How Advanced Is Advanced Is Advanced? Identifying the Top Five Errors in High-Level ESL Writing
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How Advanced Is Advanced Is Advanced? Identifying the Top Five Errors in High-Level ESL Writing

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This presentation was given by Robert Bushong and Florin Mihai at the Sunshine State TESOL 34th Annual Convention in Orlando on May 12, 2012. It was based on a study in which the presenters identified ...

This presentation was given by Robert Bushong and Florin Mihai at the Sunshine State TESOL 34th Annual Convention in Orlando on May 12, 2012. It was based on a study in which the presenters identified errors common among advanced level ESL writers at the intensive English program at the University of Central Florida.

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    How Advanced Is Advanced Is Advanced? Identifying the Top Five Errors in High-Level ESL Writing How Advanced Is Advanced Is Advanced? Identifying the Top Five Errors in High-Level ESL Writing Presentation Transcript

    • How Advanced Is Advanced? Identifying the Top Five Errors in High-Level ESL Writing Robert W. Bushong II ESL Instructor Center for Multilingual Multicultural Studies, UCF rwbushong@yahoo.com Dr. Florin Mihai Assistant Professor MATESOL Program, UCF Florin.Mihai@ucf.edu PowerPoint PresentationSunshine State TESOL 34th Annual Convention, Orlando May 12, 2012
    • Outline• Statement of the Problem• Research Question• Context & Study Design• Findings & Pedagogical Implications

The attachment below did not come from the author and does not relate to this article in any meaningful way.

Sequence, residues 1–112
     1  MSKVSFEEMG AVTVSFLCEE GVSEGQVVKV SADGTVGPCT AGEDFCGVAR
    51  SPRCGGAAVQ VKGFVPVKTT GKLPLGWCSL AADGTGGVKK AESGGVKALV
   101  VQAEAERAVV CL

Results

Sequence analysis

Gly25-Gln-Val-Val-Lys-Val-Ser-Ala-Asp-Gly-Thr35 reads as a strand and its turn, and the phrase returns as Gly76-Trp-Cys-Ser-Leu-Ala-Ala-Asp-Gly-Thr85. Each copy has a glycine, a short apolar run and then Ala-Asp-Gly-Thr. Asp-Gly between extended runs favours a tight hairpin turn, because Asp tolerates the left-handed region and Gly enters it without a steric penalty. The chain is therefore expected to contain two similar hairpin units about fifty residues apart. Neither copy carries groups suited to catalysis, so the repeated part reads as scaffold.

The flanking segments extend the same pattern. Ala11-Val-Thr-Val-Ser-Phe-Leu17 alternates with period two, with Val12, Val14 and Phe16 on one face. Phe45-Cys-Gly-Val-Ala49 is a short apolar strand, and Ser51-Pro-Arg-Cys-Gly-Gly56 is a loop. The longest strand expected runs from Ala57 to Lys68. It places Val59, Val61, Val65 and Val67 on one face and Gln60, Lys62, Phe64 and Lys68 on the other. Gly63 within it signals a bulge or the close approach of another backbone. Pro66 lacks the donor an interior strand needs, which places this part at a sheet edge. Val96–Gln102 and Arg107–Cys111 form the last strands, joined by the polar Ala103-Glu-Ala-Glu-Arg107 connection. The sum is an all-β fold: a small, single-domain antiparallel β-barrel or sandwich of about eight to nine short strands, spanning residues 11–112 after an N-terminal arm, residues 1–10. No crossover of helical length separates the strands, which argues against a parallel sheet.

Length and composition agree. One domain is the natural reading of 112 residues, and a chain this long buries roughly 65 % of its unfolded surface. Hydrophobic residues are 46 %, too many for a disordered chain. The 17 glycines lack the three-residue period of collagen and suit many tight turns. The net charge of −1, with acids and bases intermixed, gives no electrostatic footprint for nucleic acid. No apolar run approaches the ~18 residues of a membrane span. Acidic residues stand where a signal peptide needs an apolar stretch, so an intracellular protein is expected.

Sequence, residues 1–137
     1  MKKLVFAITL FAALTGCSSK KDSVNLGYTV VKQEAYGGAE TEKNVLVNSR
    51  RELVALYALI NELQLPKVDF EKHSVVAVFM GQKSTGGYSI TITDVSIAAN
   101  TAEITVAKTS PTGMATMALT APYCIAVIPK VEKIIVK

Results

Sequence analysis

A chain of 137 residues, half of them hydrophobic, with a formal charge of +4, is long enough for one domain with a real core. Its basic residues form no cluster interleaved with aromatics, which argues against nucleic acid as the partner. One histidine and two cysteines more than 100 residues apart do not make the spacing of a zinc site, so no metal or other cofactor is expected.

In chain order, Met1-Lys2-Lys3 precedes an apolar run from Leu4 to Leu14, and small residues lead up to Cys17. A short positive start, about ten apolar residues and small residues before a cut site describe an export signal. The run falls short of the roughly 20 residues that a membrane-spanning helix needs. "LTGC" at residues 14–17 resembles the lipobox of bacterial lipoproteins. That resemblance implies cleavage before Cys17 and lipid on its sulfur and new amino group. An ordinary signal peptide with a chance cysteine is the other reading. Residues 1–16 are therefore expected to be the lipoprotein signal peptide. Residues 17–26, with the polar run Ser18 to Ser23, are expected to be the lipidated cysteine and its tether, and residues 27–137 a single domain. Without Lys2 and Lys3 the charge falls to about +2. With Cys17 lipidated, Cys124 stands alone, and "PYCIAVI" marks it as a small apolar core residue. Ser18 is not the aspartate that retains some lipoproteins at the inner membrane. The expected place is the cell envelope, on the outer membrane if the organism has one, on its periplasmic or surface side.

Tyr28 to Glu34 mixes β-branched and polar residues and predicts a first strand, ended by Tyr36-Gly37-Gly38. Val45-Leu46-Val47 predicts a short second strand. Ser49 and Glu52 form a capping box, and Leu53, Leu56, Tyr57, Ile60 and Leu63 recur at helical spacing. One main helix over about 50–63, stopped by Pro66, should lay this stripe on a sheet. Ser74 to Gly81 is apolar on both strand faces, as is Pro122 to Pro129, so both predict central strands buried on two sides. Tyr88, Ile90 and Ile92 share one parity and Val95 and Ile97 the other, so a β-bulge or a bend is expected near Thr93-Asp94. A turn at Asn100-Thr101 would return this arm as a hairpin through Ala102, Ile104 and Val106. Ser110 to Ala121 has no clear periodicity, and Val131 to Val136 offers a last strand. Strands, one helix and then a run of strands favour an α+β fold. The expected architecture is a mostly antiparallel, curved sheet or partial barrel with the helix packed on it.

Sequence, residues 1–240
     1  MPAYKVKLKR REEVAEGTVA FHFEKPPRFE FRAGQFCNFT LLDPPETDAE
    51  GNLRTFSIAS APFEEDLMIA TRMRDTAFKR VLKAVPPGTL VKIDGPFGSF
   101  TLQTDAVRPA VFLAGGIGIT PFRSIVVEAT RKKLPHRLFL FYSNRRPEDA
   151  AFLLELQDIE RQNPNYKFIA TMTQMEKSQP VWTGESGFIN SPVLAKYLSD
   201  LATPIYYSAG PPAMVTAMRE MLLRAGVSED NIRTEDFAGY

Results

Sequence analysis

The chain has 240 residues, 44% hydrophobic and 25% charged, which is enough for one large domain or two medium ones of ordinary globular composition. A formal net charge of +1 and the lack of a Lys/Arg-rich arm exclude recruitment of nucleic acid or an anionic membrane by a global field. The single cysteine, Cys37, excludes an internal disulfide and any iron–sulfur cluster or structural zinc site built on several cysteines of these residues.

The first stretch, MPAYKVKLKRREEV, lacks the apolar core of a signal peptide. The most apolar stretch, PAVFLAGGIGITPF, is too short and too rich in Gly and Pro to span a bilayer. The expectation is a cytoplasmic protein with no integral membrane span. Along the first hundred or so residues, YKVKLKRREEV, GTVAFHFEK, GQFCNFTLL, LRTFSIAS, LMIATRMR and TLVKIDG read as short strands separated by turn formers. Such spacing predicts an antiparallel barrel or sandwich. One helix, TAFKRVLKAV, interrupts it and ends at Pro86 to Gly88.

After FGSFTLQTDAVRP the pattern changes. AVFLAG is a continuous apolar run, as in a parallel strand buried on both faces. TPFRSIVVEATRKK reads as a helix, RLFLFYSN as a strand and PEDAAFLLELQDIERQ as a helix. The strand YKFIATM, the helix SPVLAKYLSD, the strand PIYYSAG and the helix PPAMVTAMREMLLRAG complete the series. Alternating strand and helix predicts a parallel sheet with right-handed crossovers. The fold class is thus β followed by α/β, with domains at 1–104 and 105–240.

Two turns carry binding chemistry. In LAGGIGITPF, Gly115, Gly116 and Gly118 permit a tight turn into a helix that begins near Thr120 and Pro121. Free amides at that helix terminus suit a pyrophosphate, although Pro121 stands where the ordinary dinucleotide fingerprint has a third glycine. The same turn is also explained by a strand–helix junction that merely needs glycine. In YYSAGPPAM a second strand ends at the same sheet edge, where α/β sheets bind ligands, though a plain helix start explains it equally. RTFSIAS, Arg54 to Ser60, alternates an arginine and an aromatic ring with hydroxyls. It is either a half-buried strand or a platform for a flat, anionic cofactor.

• What Is an Error?“Errors are morphological, syntactic, and lexical forms thatdeviate from rules of the target language, violating theexpectations of literate adult native speakers” (Ferris, 2011, p. 3).
    • Research QuestionWhat are the most frequent errors amongstudents enrolled in an advanced ESL writingcourse?
    • Context & Study Design• Center for Multilingual Multicultural Studies at UCF• 350–500 students enrolled• Four levels of proficiency• Majority Arabic L1• 26 participants• Two different sections of an advanced level writing course• One time writing• Error Inventory Instrument• Ten error types
    • Results• Fragments (6%)• Comma splices/run-on sentences (4%)• Subject/verb agreement (6%)• Tense (5%)• Wrong word choice (17%)• Word forms (14%)• Noun forms (13%)• Missing words/unnecessary words (16%)• Articles (13%)• Prepositions (7%)
    • Top Five Errors1. Word choice e.g., Good or bad, everyone has to take decisions.2. Missing word/unnecessary word e.g., Children need more (than) one time to learn. People then understand how does it feels.3. Word form e.g., Edison had never went to college.4. Noun form e.g., Experience is useful to get a new skill in their life.5. Article e.g., Many people have a useful knowledge.
    • Conclusions(1) Vocabulary is paramount.(2) Teach vocabulary explicitly.(3) Use word lists, such as the General Service List (West, 1953) & Academic Word List (Coxhead, 2000).(4) Encourage extensive narrow reading (using one genre or author for vocabulary repetition).(5) Raise awareness of cognates when possible.
    • Suggested ReadingsBushong, R. (2010). The academic word list reorganized for Spanish- speaking English language learners (Unpublished master’s thesis). University of Central Florida, Orlando.Coxhead, A. (2000). A new academic word list. TESOL Quarterly, 34, 213–238.Ferris, D.R. (2011). Treatment of error in second language writing (2nd Ed.). Ann Arbor: University of Michigan Press.Folse, K.S. (2010). Is explicit vocabulary focus the reading teacher’s job? Reading in a Foreign Language, 22(1), 139–160.West, (1953). A general service list of English words. London: Longman, Green, and Co.